B2B sales presentations have traditionally been very stiff, boring and generic. If you want to engage your audience effectively, you will need to put some zest into your presentation. Be sure to vary the tone of your voice all through the presentation. People will quickly lose attention if you talk in a monotone. Use your facial expressions and gestures to show your prospects that you are excited about helping them solve their problem. Anik Singal, the Founder and CEO of Lurn and VSS Mind, is a good example of someone who makes a B2B demo lively and engaging.
Use case studies and stories
Don’t spend all your time talking about the features and benefits of your healthcare IT sales product or service. Use case studies and stories to show how other companies or organizations similar to those of your prospects have benefited from it. For instance, you can mention during your demos how your healthcare tech product or service helped ‘X Hospital’ decrease the average patient waiting time by Y%. Doing this will make it easier for potential customers to have a general idea how much benefit your company will bring to them and, subsequently, make a buying decision. Marketo’s case studies are a good example of studies that teach their prospects on how to choose marketing automation software.
Avoid unnecessary comparisons
Many salespeople use presentations to compare themselves to their competitors and prove why their products or services are better. This needs to be done sparingly and with discretion. If you know that the prospect is considering a competitor, then find a subtle way of highlighting your strengths versus the competitor’s weaknesses. However, if you bring up a competitor that your prospect wasn’t even thinking about, you might just be giving them another option to consider. To avoid such mistakes, you can ask exploratory questions to find out where exactly your prospect stands in the buyer’s journey and which options they’re considering.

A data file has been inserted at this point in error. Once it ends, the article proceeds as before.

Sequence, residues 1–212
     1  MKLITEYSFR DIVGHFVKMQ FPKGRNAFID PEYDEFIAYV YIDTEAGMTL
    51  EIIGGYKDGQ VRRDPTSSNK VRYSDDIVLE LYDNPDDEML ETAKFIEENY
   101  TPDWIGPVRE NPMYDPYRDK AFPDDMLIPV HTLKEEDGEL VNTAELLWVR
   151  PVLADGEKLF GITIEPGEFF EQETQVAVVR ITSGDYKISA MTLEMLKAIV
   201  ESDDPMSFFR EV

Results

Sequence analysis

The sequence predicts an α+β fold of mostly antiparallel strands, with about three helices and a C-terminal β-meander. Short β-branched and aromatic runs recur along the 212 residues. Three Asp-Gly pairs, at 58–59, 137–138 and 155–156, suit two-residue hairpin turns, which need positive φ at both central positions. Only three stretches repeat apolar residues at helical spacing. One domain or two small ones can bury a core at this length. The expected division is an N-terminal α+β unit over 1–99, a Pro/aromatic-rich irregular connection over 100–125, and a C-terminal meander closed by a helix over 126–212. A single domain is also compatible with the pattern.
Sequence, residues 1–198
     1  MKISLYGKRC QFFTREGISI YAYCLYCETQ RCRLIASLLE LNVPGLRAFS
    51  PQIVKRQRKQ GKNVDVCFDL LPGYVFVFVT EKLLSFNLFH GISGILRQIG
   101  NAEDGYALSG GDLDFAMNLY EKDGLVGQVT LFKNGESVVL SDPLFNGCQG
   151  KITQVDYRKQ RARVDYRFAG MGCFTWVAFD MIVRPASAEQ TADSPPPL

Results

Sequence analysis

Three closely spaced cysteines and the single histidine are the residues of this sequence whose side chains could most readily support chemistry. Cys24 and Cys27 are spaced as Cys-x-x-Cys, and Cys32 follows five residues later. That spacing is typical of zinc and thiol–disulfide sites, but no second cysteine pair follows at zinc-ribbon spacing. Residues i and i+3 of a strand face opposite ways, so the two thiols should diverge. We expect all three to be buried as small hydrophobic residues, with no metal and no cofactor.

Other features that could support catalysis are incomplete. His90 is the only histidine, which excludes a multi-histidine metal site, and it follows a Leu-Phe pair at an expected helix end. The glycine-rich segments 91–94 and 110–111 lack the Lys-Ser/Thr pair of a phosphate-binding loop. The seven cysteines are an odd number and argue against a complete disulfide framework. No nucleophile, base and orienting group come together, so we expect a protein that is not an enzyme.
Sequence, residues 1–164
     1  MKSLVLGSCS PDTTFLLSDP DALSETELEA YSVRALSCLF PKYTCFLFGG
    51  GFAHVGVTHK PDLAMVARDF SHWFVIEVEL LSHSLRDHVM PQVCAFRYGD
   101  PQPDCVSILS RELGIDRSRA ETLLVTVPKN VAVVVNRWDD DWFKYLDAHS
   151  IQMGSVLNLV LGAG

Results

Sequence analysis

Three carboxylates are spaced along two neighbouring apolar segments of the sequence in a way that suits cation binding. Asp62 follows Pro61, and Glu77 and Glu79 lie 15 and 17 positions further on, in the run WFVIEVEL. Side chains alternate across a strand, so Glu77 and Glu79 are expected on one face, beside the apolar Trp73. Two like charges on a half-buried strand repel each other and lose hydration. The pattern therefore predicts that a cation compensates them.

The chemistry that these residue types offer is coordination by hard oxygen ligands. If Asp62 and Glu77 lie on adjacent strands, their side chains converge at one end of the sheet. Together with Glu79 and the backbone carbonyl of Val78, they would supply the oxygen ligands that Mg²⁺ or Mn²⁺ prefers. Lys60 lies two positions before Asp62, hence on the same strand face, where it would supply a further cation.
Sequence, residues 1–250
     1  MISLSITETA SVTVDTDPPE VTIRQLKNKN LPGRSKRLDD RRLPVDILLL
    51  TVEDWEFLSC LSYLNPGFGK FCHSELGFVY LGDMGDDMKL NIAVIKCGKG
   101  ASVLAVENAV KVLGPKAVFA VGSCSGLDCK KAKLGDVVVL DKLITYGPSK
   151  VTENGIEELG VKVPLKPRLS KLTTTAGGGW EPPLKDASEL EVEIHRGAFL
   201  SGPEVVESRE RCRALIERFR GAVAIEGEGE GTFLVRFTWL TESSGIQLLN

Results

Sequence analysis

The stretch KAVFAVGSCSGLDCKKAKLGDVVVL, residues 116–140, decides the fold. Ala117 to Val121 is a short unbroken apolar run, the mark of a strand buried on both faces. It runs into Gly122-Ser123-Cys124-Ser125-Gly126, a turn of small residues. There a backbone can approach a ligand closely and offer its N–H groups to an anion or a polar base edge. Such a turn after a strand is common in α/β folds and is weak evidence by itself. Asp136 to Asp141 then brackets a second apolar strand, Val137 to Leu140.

Practice, practice, practice!
It is advisable for anyone giving a presentation to practice it in its entirety at least twice prior to the actual presentation. Getting more familiar with the content of your presentation will calm your nerves and make you appear more confident. Going over your materials multiple times will also help you identify your mistakes and correct them. If possible, find a partner who can role play as the prospect and give you feedbacks. Don’t forget to test any equipment that you might use for the demonstration to ensure that everything is working well.
Be on schedule
Whatever you do, make sure the product demo begins on time and ends on time. Starting or ending late will only annoy your prospects and hinder your chances of closing potential healthcare IT sales. If you happen to begin late due to unavoidable circumstances, apologize and explain the reason for the delay. In case you need to extend by a few minutes, ask the potential customer if they can spare a few more minutes. Your prospects are just as busy as you are, so always remember to think about them first!